Territorial Women's Memorial Rose Garden

Viola was born on the San Carlos Apache Indian Reservation and was named Sica-tuva, "Born Quickly," by her parents, Who-wah, "Singing Cricket" and Ka-hava-soo-ah, "Turquoise Bead in Nose."

She chose June 15 as her birth date and the year of 1878. She took the name Viola and her stepfather's last name, Pelhame, when she attended Rice Indian School and Phoenix Indian School.

Viola married Sam "Red Ants" Jimulla, chief of the Yavapais, in 1901 and came to Prescott. They had five daughters: Daisy (1902-1902), Grace (Mrs. Don) Mitchell (1902-1976), Lucy (Mrs. Jim) (1906-1984), Amy Vaughn Gazzam (1912-1940), and Rosie (1913-1914).

Upon the death of her husband in 1940, Viola became chieftess of the Yavapai Tribe. She said, "I had to help my people in whatever they needed." Her firm but benevolent rule brought new industry and dignity to her tribe.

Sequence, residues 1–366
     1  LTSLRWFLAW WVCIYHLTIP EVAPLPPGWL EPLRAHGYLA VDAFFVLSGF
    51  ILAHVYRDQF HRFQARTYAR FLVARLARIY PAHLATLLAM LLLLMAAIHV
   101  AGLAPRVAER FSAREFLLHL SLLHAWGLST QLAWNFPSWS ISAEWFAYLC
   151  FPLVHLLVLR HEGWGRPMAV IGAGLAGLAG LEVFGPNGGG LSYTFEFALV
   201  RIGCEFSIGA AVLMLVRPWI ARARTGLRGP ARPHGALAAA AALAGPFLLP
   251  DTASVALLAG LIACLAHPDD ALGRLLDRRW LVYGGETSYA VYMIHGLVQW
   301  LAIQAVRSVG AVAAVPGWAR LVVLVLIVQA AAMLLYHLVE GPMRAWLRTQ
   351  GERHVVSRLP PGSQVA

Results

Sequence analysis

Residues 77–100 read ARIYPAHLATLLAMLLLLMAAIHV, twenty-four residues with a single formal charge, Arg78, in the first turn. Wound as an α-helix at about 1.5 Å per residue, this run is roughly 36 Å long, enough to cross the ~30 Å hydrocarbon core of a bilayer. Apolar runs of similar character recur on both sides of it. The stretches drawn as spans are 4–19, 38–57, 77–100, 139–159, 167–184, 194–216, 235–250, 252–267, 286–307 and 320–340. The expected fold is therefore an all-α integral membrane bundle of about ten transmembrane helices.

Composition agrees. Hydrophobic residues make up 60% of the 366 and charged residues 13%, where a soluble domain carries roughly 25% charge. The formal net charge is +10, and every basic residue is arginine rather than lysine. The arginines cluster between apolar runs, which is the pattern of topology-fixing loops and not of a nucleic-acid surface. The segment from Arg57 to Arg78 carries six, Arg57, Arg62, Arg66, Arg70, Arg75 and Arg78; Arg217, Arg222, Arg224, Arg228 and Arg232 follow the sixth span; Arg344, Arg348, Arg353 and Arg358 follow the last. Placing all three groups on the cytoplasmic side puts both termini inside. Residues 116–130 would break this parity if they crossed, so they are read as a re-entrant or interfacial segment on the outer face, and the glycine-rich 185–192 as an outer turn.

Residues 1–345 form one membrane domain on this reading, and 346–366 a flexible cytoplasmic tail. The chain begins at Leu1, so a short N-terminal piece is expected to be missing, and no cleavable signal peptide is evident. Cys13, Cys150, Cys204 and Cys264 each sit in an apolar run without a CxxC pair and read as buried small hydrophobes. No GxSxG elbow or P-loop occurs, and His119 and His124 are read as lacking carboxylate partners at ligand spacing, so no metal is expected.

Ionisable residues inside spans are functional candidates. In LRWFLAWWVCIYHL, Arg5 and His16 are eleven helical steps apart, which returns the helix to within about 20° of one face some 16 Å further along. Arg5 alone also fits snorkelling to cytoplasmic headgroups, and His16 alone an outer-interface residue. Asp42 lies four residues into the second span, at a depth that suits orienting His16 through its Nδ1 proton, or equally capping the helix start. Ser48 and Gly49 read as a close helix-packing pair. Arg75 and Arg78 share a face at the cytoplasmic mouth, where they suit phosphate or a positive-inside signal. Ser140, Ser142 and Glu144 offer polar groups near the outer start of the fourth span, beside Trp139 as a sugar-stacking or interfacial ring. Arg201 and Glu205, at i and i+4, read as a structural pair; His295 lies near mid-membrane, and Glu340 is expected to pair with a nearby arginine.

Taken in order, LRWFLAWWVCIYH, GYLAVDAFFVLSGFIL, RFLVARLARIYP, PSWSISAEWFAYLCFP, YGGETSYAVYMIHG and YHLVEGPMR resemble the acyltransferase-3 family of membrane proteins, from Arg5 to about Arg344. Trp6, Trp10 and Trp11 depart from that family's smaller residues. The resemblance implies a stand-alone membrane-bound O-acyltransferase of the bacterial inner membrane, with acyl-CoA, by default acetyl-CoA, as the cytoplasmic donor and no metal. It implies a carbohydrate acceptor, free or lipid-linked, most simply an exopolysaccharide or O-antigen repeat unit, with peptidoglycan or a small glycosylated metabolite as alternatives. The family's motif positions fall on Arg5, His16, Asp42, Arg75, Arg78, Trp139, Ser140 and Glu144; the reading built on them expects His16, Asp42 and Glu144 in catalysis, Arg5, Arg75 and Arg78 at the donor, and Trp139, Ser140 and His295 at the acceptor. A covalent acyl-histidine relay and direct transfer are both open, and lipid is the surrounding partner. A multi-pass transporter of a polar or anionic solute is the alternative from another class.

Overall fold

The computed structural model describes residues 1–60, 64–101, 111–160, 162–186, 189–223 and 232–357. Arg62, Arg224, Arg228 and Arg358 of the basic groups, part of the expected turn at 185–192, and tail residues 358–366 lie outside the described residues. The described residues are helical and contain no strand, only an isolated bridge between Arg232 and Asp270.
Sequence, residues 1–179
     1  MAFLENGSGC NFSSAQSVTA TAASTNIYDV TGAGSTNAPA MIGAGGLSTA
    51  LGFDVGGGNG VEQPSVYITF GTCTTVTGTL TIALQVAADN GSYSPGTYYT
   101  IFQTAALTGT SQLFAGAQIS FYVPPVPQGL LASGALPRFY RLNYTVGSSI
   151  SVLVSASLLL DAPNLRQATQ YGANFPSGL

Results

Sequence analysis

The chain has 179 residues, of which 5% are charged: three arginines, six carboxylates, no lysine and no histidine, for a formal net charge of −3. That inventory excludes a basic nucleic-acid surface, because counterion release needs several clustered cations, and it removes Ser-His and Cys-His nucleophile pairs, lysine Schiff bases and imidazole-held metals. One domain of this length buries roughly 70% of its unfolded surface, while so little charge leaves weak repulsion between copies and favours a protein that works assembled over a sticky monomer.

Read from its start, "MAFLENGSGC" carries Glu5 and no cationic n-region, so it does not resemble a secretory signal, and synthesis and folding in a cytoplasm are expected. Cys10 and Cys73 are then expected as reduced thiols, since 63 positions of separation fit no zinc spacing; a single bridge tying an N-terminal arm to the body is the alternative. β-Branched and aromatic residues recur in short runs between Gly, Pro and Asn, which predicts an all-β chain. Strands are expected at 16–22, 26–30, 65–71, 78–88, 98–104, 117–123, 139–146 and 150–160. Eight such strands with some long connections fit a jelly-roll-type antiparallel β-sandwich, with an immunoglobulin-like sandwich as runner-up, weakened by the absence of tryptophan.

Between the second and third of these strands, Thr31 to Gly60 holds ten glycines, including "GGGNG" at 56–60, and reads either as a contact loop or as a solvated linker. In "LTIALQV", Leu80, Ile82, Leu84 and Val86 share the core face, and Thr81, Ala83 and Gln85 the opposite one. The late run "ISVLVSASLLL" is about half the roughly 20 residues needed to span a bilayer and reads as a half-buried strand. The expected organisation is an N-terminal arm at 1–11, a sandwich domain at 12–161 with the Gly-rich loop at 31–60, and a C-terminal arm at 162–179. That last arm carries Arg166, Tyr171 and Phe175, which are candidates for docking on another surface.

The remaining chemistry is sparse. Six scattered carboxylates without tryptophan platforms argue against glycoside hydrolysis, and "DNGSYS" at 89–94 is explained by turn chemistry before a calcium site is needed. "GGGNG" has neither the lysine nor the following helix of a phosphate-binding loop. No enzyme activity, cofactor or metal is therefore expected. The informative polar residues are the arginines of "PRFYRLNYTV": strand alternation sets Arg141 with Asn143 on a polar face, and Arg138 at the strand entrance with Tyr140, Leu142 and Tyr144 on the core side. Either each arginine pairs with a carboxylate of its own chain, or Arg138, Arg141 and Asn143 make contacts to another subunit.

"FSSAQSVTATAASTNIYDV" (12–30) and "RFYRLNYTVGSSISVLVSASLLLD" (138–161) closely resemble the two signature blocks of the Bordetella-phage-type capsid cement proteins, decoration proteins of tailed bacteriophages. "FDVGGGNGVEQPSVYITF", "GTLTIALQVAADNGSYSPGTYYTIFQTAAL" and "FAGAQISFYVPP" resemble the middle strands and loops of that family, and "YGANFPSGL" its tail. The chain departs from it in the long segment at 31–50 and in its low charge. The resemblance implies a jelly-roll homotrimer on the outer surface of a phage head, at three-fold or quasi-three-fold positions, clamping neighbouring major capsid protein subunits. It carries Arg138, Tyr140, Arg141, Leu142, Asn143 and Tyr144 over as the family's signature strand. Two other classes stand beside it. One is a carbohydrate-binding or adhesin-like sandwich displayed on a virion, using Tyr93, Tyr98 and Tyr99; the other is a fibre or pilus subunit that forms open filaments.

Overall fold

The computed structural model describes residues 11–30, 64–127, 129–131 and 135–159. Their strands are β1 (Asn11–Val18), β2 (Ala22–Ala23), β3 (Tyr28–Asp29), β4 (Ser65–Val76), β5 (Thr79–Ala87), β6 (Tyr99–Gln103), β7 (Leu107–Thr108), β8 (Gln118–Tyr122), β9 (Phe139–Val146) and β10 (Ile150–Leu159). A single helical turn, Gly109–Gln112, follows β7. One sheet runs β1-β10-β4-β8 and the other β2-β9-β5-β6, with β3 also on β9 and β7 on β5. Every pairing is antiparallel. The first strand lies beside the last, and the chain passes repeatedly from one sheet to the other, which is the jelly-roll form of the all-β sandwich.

Two of Viola's daughters, Grace Mitchell, who is represented in the Rose Garden, and Lucy Miller also became chieftesses. Viola was responsible for bringing the Presbyterian Church to Prescott and was the first Yavapai Indian to be baptized there.

A plaque at Yavapai College reads: "Homage to Viola Jimulla, Yavapai Basketmaker, 1878-1966." Viola's mother, Who-Wah Pelhame, is also represented in the Rose Garden.

Viola was elected to the Arizona Women's Hall of Fame in 1986. A statue of Viola teaching basketry to a young Yavapai is in the lobby of the Sheraton Hotel, now known as The Prescott Resort. The young girl in the statue is her granddaughter Pat. The Sharlot Hall Museum has examples of her work in its collection.

Viola died on December 7, 1966, and was buried on the Yavapai Reservation.

Donor: Museum Rose Garden

Additional documentation and photographs may be available in the Sharlot Hall Museum Archives and Library.